The total sugarcane (Saccharum L.) production has increased worldwide; however, the rate of growth is lower compared with other major crops, mainly due to a plateauing of genetic gain. Genomic selection (GS) has proven to substantially increase the rate of genetic gain in many crops. To investigate the utility of GS in future sugarcane breeding, a field trial was conducted using 432 sugarcane clones using an augmented design with two replications. Two major diseases in sugarcane, brown and orange rust (BR and OR), were screened artificially using whorl inoculation method in the field over two crop cycles. The genotypic data were generated through target enrichment sequencing technologies. After filtering, a set of 8,825 single nucleotide polymorphic markers were used to assess the prediction accuracy of multiple GS models. Using fivefold cross-validation, we observed GS prediction accuracies for BR and OR that ranged from 0.28 to 0.43 and 0.13 to 0.29, respectively, across two crop cycles and combined cycles. The prediction ability further improved by including a known major gene for resistance to BR as a fixed effect in the GS model. It also substantially reduced the minimum number of markers and training population size required for GS. The nonparametric GS models outperformed the parametric GS suggesting that nonadditive genetic effects could contribute genomic sources underlying BR and OR. This study demonstrated that GS could potentially predict the genomic estimated breeding value for selecting the desired germplasm for sugarcane breeding for disease resistance.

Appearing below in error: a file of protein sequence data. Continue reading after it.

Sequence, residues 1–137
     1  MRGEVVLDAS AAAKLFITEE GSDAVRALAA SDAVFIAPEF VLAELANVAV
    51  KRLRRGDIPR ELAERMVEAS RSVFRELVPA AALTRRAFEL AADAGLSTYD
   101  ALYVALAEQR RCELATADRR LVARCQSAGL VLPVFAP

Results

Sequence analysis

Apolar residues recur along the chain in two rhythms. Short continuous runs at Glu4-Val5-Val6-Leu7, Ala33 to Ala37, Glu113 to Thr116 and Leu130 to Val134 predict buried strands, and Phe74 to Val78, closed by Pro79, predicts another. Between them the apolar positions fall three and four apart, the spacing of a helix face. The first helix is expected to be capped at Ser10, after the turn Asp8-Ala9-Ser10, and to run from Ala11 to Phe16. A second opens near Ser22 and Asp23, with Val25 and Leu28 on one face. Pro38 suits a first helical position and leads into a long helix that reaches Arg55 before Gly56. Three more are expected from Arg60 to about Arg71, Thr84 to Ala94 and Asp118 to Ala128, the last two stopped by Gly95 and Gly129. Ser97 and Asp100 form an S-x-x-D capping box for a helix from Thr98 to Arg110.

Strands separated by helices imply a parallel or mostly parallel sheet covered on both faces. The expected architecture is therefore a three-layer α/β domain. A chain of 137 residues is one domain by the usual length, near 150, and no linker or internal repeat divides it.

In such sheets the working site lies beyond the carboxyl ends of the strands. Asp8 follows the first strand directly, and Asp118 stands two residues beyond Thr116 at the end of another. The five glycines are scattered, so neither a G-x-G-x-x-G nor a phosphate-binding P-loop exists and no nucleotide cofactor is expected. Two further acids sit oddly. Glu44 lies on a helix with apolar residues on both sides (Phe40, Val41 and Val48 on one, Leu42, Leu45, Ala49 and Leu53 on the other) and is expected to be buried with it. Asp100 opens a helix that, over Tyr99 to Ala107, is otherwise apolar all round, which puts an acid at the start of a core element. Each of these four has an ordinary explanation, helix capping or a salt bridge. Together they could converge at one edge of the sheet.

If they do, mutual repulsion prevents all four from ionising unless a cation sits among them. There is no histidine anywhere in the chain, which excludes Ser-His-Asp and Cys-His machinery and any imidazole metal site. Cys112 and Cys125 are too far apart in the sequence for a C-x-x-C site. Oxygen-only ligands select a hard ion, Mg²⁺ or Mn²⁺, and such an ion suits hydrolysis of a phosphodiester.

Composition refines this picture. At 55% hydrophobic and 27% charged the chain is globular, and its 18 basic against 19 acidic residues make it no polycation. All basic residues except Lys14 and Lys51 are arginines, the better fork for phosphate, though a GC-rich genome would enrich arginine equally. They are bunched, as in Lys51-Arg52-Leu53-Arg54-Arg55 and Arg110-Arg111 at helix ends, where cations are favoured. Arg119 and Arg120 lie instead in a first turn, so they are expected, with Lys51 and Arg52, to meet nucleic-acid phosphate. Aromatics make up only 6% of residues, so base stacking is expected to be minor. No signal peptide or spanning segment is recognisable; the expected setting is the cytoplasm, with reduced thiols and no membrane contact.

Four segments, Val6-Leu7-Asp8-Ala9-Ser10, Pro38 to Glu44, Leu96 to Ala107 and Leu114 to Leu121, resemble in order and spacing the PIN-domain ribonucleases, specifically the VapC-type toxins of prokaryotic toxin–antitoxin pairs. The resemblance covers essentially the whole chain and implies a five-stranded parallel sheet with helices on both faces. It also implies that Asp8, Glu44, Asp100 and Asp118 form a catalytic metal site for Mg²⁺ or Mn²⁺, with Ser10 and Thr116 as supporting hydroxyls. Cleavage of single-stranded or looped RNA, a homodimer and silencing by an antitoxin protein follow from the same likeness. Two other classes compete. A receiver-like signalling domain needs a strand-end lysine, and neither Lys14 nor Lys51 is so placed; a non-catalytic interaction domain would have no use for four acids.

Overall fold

|Original language||English (US)|
|State||Published - Nov 2021|
ASJC Scopus subject areas
- Agronomy and Crop Science
- Plant Science